several others who will still face disciplinary procedures within think those people should hang
their heads in shame.

Queensland Police Minister Neil Roberts was unavailable to talk to the 7.30 Report today about
Bruce Rowe's successful successful private prosecution, but the Police Union says it's planning an
appeal while Bruce Rowe says he'll be pushing the Crime and Misconduct Commission to take a stance,
even if it is nearly five years after the event.

It's been said by the police that it was done in good faith, that's not the case at all. It was
just violence against a very soft target. And in a statement issued a short time ago, Queensland
Police Roberts says all police officers in the State already have an indemnity from prosecution,
provided they act in good faith. A spokesman for the Queensland Police Service said it wasn't
appropriate to comment on the case while there

Children at risk

Children at risk

Broadcast: 09/02/2011

Reporter:

Victorian Police Minister Peter Ryan speaks with Heather Ewart.

Transcript

HEATHER EWART, PRESENTER: The Victorian Government has pledged to respond swiftly to revelations
that 700 children in the state had unsupervised contact with almost 400 registered sex offenders
over the past six years.

A damning report from the Ombudsman accuses state authorities of putting the rights of sex
offenders above those of vulnerable children and points to bureaucratic bungling and a failure to
share information.

The Police Minister and Deputy Premier Peter Ryan has promised to adopt all of the Ombudsman's
recommendations, including a boost to police funding to deal with registered sex offenders.

I spoke to him a short time ago in his Melbourne office.

Peter Ryan, how on Earth could this have happened?

PETER RYAN, VICTORIAN POLICE MINISTER: Well the first task of any government is to look after the
most vulnerable in our community, and clearly this report shows that in looking after these
children, who have been subject to all sorts of terrible events, we have not looked after those
children as we should. I think this has happened as a result of a number of factors. A confusion in
the actual chains of command as to who should do what to whom in terms of the various pieces of
legislation. But also, the police. They have not been properly resourced. In 2006 and then '07,
'08, '09 the police made bids to the then Victorian Government for additional funding to assist
them in this important area, and each of those bids was refused, and I think we're seeing all that
play out now.

HEATHER EWART: But can you take us through the process, because the Ombudsman is especially damning
of an arrangement between authorities not to share information regarding sex offenders. Now how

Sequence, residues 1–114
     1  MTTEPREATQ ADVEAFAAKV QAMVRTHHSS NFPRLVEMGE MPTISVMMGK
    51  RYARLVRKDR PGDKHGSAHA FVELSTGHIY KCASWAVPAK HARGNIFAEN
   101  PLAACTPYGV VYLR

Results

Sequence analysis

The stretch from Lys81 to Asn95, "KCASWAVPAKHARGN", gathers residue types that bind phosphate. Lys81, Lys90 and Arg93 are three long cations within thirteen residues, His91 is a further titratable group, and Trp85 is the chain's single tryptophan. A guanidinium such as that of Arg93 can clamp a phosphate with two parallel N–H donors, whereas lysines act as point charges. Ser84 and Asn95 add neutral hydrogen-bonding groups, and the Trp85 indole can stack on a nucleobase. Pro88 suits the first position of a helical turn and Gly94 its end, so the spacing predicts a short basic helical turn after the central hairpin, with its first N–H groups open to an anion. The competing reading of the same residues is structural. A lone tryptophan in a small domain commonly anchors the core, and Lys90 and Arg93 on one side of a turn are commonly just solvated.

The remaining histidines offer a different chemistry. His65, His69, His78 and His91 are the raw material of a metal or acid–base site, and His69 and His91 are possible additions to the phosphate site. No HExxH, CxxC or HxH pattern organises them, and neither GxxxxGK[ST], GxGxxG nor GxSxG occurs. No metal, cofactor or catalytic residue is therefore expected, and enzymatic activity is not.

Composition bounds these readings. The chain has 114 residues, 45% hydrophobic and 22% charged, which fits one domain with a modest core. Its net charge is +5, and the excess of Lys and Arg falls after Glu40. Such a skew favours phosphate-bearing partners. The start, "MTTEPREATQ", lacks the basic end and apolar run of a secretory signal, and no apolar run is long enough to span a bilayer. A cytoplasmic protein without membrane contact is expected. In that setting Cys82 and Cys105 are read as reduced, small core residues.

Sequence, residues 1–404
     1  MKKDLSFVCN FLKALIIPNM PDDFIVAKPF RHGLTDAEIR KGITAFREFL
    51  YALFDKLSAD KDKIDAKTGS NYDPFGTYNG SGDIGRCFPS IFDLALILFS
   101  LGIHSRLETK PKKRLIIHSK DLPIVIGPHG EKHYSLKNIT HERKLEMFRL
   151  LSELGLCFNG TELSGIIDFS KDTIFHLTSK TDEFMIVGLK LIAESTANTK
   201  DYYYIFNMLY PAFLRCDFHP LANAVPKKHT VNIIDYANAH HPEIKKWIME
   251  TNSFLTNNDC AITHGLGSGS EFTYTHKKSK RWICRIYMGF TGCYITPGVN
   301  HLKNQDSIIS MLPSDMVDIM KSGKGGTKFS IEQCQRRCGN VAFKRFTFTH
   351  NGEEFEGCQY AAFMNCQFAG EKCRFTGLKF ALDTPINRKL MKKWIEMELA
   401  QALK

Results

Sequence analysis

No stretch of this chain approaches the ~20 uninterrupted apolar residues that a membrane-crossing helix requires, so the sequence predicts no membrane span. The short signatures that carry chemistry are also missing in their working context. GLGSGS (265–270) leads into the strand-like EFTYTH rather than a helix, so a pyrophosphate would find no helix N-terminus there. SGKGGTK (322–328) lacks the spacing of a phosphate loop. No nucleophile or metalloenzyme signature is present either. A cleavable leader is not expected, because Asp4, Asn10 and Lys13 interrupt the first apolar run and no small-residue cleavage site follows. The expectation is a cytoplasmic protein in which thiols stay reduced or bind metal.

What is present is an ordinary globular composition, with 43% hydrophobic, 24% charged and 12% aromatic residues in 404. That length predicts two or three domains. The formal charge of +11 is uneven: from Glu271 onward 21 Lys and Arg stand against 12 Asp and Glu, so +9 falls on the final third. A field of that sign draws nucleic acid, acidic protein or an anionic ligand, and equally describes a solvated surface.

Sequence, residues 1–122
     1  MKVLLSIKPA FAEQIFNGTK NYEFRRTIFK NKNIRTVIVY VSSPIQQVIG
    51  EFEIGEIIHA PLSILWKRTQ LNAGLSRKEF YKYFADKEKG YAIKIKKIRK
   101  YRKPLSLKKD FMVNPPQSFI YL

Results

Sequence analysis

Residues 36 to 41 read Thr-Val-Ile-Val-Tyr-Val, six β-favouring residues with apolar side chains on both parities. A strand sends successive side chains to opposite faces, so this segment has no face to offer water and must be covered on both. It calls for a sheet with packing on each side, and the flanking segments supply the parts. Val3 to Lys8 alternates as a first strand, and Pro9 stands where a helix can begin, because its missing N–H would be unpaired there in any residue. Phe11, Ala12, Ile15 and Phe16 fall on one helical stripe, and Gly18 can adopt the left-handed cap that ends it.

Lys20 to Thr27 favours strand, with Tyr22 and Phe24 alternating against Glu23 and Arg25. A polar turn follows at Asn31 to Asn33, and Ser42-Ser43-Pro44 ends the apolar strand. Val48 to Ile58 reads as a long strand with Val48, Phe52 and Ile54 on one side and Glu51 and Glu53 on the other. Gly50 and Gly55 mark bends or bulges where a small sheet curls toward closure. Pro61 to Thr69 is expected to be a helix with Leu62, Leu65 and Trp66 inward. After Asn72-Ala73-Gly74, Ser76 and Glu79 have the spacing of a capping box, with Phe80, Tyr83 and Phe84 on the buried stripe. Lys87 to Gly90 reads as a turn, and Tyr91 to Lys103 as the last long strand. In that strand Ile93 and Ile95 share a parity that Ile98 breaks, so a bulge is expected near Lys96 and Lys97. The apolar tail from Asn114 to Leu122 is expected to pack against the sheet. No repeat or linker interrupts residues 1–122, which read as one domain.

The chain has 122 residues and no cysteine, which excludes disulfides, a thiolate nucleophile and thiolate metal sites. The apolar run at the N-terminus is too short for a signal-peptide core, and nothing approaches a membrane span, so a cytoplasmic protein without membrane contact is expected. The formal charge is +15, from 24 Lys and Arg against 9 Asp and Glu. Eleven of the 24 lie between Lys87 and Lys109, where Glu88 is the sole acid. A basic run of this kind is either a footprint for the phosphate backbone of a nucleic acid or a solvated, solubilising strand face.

could an agreement like that exist? On what basis?

PETER RYAN: Well, the Sex Offenders Register requires that those who are convicted of relevant
offences go on to the register. There is then a system whereby there is a reporting to the
Department of Human Services. The Department of Human Services is able to acquire material from
Corrections Victoria. There's been a breakdown in relation to the transfer of that information
because of a concern on the part of Corrections Victoria, being fair, that if the material were
simply handed across to the department, material pertinent to the background of a lot of these
prisoners, those prisoners would be reluctant to participate in the very programs which are
intended to help resolve the problems that they have and which cause them to be in prison in the
first place.

The other problem that was seen to eventuate there was that if medical practitioners participating
in those programs knew there'd be an automatic transfer of that information they might also be
reluctant to be involved in those programs.

On the other hand, there was in the possession of the department a direction from the then minister
which would have enabled the department to hand that material straight across. I think we got
caught in the crossfire of those two competing forces, but I can tell you now it is about to be
resolved in favour of the basic issue here, and that is, the interests of these children is the
first of the interests to be observed. And in time to come there will be no doubt about how that
chain of command runs.

HEATHER EWART: So, in blunt terms, the way it was working was that the rights of sex offenders were
being put ahead of the rights of children?

PETER RYAN: I think if that's too broad, if I may say, due respect to the Ombudsman. I think the
problem was there's been a conflict in the way in which the legislation has been drawn, on the one
hand, against the pragmatics of how these programs were best seen to operate in a correctional
circumstance. We need to remove that uncertainty, and I intend to do it. I've today announced that
there will be a group of us as four immediately responsible ministers - and I will chair this group
- who will have oversight of making sure that the 10 recommendations that have been made by the
Ombudsman, all 10 having been accepted by the Government, they will be implemented. We will rid
ourselves of the apparent confusion which has existed up until now and the departments will know
with utter clarity what is required of them. I have ultimate control of how this will take shape
and I can assure you and all Victorians, and indeed all your viewers, this will be done around the
guiding principle that it is the interests of these children, these poor innocents, that is the